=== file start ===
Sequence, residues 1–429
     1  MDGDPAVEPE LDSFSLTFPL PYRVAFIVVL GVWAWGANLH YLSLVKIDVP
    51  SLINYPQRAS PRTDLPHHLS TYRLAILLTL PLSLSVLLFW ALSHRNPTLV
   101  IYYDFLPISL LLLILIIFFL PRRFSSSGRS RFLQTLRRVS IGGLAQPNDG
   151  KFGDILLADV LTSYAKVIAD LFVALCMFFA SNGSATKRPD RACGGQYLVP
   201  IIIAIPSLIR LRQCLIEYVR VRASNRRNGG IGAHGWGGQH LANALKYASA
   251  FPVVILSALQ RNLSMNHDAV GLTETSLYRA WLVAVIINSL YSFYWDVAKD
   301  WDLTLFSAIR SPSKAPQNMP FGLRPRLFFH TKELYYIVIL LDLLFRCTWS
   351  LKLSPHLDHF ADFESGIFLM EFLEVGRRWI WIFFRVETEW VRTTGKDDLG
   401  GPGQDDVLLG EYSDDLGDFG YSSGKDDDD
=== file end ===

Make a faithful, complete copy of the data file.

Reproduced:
Sequence, residues 1–429
     1  MDGDPAVEPE LDSFSLTFPL PYRVAFIVVL GVWAWGANLH YLSLVKIDVP
    51  SLINYPQRAS PRTDLPHHLS TYRLAILLTL PLSLSVLLFW ALSHRNPTLV
   101  IYYDFLPISL LLLILIIFFL PRRFSSSGRS RFLQTLRRVS IGGLAQPNDG
   151  KFGDILLADV LTSYAKVIAD LFVALCMFFA SNGSATKRPD RACGGQYLVP
   201  IIIAIPSLIR LRQCLIEYVR VRASNRRNGG IGAHGWGGQH LANALKYASA
   251  FPVVILSALQ RNLSMNHDAV GLTETSLYRA WLVAVIINSL YSFYWDVAKD
   301  WDLTLFSAIR SPSKAPQNMP FGLRPRLFFH TKELYYIVIL LDLLFRCTWS
   351  LKLSPHLDHF ADFESGIFLM EFLEVGRRWI WIFFRVETEW VRTTGKDDLG
   401  GPGQDDVLLG EYSDDLGDFG YSSGKDDDD